Which do you trust more, your gut feeling or a well though out conclusion? Deep down inside themselves, men feel that they have the ability to make decisions that direct the course of their life; and these decisions can be changed at any point without constraint exterior to themselves. Philosophers have attempted to reason through the idea of personal autonomy and their explanations are problematic either metaphysically or ethically. I will present the explanations of both John Locke and David Hume concerning freedom and liberty. I will criticize their explanations with the help of insights from Sarah Buss, Brian Garrett, and Nicholas Jolley. I will conclude with the idea that in the end we are still left with the choice between our gut feeling and rational explanations that fall short of our personal experience in the area of liberty.
Both Locke and Hume agree on the following definitions of will and freedom (for Locke) or liberty (for Hume):
· Will is the power to choose one course of action over another from the alternatives physically available to us (we cannot will to breathe water, or fly).
· Freedom / Liberty is the power to do or refrain from doing any particular action selected by the will
A free action for Locke is one in which “A subject S is free to do action x at time t just in case: (1) if S wills to do x at t (2) S is physically able to do x at t AND (3) if S wills not to do x at t, he is physically able not to do x. The ability not to act or the ability to do otherwise is a key point for Locke. He believes the power to choose not to act is connected to our personal moral responsibility. He holds to this idea because he believes that the idea of divine justice cannot be separated from human freedom – it is a necessary condition. In other words, if there is no human freedom there cannot be divine justice. God could not justly punish us for sins we could not avoid. Locke also claims that this type of freedom (a necessary component of moral responsibility) is consistent with the thesis of determinism because it does not require the power of willing in a causally determined fashion. Since Locke thinks that determinism and free will are compatible doctrines, he is classified as a compatibilist.
David Hume is a compatibilist also, but for an entirely different reason. Hume is insistent on the existence of a law-governed causal explanation for what happens in the natural world. He believes that there are also law-governed causes for human nature, and just as natural science explains the natural world, a science that explains human nature is possible. His ideas about necessity, like other ideas related to determinism, seem to be at odds with the concept of free will. If Hume is right, man is not free, and no better than animals. He attempts to reconcile the seemingly opposing ideas by differentiating between liberty of spontaneity and liberty of indifference. He claims that everyone except a prisoner in chains has liberty of spontaneity and if they choose to perform an action A, and they can, then A was done freely. The absence of hindrances to our volition is all that matters for Hume when it comes to free will. Liberty of indifference, claims Hume, is a freedom we think we have, but we do not have. He thinks that Locke’s “ability to do otherwise” would deny that all actions and events have causes, and he cannot abide contemplating such a heresy to his philosophy. Our liberty of indifference is mistaken and our liberty of spontaneity makes liberty compatible with determinism.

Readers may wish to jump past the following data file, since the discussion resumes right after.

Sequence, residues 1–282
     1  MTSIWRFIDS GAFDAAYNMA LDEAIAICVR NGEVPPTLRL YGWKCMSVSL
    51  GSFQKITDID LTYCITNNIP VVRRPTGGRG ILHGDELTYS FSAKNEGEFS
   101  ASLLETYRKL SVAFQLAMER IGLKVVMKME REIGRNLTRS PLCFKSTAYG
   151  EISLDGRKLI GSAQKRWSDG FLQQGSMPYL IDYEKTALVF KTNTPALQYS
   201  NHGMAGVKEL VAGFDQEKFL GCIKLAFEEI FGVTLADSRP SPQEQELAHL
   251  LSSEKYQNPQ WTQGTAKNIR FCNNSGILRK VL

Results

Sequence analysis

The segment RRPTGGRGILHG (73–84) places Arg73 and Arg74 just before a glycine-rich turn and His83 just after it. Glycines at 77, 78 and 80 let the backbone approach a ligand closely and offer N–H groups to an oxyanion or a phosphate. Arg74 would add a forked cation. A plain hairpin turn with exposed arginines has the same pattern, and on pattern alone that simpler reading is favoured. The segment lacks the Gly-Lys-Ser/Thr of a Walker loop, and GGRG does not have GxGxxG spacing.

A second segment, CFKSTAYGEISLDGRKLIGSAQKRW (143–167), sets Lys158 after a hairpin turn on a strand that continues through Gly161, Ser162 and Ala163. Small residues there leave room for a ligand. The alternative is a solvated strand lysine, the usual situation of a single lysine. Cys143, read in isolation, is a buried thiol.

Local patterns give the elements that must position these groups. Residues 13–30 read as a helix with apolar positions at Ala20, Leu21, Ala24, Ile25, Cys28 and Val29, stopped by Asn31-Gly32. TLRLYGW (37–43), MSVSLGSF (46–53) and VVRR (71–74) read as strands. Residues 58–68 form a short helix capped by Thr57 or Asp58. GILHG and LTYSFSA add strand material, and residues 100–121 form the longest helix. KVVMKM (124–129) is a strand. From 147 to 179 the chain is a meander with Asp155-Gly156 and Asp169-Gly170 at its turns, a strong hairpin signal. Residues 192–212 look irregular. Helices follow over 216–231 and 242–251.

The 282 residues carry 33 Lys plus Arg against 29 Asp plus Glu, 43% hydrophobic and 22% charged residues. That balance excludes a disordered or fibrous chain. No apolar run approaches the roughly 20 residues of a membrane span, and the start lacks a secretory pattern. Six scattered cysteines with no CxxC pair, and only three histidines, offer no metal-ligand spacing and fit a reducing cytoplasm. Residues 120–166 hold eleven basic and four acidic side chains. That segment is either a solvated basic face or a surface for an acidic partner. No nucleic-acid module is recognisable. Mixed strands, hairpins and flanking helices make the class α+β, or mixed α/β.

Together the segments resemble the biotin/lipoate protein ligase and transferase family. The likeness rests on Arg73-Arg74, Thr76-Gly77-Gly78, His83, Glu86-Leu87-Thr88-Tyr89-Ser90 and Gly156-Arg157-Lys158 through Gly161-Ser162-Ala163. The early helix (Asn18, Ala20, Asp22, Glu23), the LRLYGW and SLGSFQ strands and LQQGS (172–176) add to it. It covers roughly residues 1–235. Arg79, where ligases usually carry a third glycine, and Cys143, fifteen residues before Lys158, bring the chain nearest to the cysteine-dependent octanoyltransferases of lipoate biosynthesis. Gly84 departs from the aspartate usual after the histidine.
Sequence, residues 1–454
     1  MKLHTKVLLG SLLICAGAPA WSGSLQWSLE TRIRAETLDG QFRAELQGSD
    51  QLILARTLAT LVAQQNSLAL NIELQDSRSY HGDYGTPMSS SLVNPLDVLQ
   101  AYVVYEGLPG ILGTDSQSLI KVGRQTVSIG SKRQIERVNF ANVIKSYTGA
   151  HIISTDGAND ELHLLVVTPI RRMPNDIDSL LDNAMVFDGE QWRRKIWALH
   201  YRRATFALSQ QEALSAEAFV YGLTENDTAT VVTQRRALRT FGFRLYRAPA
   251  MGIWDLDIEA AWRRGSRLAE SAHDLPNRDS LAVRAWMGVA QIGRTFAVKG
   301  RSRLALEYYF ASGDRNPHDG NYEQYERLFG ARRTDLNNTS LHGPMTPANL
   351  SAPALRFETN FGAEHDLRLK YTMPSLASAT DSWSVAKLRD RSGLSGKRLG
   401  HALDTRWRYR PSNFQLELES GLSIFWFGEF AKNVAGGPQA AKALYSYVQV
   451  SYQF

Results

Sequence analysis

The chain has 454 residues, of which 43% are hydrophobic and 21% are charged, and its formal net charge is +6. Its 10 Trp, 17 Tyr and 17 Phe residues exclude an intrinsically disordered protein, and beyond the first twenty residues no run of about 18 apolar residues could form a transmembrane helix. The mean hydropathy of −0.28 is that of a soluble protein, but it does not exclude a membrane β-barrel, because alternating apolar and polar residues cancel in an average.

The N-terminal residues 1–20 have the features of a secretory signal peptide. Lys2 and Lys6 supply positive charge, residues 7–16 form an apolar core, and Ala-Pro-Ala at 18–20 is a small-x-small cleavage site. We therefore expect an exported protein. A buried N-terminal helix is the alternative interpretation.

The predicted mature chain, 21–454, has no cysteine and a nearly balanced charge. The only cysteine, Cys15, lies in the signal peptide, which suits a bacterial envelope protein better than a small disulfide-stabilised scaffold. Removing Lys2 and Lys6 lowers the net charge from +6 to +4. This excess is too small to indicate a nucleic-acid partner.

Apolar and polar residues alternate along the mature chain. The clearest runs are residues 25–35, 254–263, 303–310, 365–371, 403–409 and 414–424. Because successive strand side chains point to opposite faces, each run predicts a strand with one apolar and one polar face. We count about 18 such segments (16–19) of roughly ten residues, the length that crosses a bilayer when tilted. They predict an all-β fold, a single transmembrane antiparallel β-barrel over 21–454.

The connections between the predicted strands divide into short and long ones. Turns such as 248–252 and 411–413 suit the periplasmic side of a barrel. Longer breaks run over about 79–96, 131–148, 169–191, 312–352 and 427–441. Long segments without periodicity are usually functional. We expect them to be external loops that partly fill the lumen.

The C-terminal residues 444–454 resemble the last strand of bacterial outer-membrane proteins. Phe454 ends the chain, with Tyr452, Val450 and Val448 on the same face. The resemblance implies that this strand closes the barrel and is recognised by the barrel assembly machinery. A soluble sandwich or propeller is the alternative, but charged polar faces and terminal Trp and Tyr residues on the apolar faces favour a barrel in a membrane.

Separating things into the categories of agents and powers helps us in our discussion about freedom. According to the definitions agreed upon by Hume and Locke, freedom/liberty and will are both powers. These powers belong to or are attributed to some agent in order to be utilized. This separation into the “Agent team” and the “Power team” is the litmus test for coherence in an argument concerning free will. According to Locke
... whether the will has freedom, is to ask, whether one power has another power, one ability another ability; a question at first sight too grossly absurd to make a dispute, or need an answer. For who is it that sees not, that powers belong only to agents, and are attributes only of substances, and not of powers themselves? (E 2.21.16)
He believes the agent of the will is the mind, attacking the Scholastics who have sought to avoid predicating freedom to another power by elevating mental faculties, including the will, into agents within the agent of the mind. Hume, on the other hand, turns the whole thing upside down and puts the agent (the mind) in a subservient position to the power of the will, which is in turn subservient to the power of the passions. Hume emasculates the will by claiming “reason is, and ought only to be, the slave of the passions.” At this point, Locke seems to have failed the litmus test because his definition of freedom subjects it to the will, both of them powers. Hume fails too because he subjects the agent to a power.